Magazine article Policy & Practice

Child Welfare and Court Collaboration

Magazine article Policy & Practice

Child Welfare and Court Collaboration

Article excerpt

Judges and child welfare professionals are becoming more engaged to have open and honest discussions about challenges and needed change for systems to improve the lives of children and families. This relationship has evolved over time. Court and child welfare collaborations and targeted practices have been bringing these two entities together to strengthen the system and better serve vulnerable children and families.

Courts play significant roles in child welfare cases. Judges are charged with making decisions about a child's safety in removal hearings and ensuring they return home or find another permanent plan in a reasonable amount of time. In addition, they perform the traditional role of resolving disputes that arise between the child, the parents and child welfare agencies. Courts also have an ongoing supervisory role in these cases. They must ensure that children's health, education, parenting, visitation and other provisions are appropriately assessed and delivered. Child welfare agencies are charged with providing quality services and aiming to improve child well-being.

The more these two systems speak to each other, the more they can build better collaborations and learn from each other's strengths and weaknesses. Judges naturally come in contact with all stakeholders in a single case, having the vantage point of seeing issues from various perspectives. Specialized family court judges often hear delinquency, protection and private custody cases in contrast to most child welfare agencies, which are designed to serve children and families in a silo approach. Although they each have a different method for working with this population, they ultimately share the common goal of effectively meeting their needs.


Courts and agencies have a compelling interest in ensuring youth and family involvement in individual cases. While it is a legal requirement for children and families to be involved in own their court case, it is especially important to understand how meaningful this is for families and the effect it has on their future outcomes. Most professionals can attest that youth and families, when it is appropriate, should be key stakeholders in their court hearings and case planning sessions as well as in system change discussions. Although judges and child welfare agencies generally have the lead voice in child protection cases, they realize the significance of bringing children and families to the decision-making table, and when it is in the child's best interest. They could also add valuable input in the way that child welfare agencies and courts could work together to improve child and family outcomes.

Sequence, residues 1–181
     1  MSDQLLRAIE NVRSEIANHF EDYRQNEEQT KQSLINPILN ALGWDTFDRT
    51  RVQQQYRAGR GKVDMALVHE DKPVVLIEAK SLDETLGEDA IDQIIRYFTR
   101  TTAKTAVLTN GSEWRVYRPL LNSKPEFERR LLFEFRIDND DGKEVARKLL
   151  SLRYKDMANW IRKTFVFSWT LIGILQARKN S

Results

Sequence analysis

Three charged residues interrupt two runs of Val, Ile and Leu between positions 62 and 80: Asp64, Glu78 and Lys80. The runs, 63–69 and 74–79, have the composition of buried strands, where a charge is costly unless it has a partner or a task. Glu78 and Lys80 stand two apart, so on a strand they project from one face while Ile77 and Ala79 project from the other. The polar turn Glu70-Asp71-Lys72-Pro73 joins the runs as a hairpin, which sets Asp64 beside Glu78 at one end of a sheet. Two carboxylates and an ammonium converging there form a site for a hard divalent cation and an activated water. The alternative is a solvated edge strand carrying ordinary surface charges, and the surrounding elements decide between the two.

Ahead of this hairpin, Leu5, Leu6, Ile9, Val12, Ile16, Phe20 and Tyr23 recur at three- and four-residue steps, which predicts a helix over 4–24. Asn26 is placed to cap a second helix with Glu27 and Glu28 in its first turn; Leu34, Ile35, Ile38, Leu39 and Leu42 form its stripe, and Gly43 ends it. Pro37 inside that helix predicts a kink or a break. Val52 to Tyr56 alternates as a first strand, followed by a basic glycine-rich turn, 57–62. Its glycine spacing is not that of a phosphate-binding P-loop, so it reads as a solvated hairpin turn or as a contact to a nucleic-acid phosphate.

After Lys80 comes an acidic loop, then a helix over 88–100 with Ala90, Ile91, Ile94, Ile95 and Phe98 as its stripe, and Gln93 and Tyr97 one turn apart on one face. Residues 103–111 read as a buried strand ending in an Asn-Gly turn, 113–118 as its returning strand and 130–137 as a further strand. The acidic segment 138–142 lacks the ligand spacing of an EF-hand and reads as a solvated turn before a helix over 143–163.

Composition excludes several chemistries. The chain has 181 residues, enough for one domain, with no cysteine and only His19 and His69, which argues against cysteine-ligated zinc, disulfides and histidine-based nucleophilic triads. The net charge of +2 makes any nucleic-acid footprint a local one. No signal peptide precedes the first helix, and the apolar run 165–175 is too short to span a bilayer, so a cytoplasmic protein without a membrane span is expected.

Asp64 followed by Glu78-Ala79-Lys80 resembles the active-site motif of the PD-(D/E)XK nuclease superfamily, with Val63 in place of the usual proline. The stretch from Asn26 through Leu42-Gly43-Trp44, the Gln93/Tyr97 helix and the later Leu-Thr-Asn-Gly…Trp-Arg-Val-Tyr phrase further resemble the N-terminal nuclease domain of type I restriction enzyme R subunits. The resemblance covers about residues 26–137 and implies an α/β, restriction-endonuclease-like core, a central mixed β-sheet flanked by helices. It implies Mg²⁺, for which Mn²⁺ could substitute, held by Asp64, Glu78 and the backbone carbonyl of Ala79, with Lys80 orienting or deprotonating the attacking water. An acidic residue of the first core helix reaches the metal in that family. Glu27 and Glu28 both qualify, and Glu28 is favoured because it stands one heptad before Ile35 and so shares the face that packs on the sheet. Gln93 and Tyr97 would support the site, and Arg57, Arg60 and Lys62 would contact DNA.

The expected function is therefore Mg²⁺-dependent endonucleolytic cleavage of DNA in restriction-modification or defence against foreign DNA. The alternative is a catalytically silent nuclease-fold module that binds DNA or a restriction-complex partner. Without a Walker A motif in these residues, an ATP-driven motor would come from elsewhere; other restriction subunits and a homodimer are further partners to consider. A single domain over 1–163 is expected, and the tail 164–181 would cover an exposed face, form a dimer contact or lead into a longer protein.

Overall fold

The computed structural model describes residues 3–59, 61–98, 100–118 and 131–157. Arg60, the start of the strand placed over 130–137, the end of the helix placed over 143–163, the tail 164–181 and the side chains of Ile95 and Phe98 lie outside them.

Examples of Child Welfare And Court Collaboration

Collaboration is a potent approach to changing the way that child welfare agencies and courts conduct business. These two entities working together are not only beneficial for improving the system, but could be potentially the best way to effectively address challenges in child protection cases.

The American Bar Association's Permanency Barriers Project is a collaborative model where attorneys, agencies and judges jointly address issues among children and families in their localities. This project establishes county advisory teams, which brings various child welfare professionals to the table to address issues. Judges lead the teams while attorneys facilitate group discussion. Subgroups are formed to address problems such as truancy, substance abuse or youth aging out of foster care. In this project, judges are known to bring other stakeholders to the table such as education representatives, private providers and community leaders. In many instances over the life of the project, multi-disciplinary workgroups and trainings have served to 'get everyone on the same page,' and move these issues forward. …

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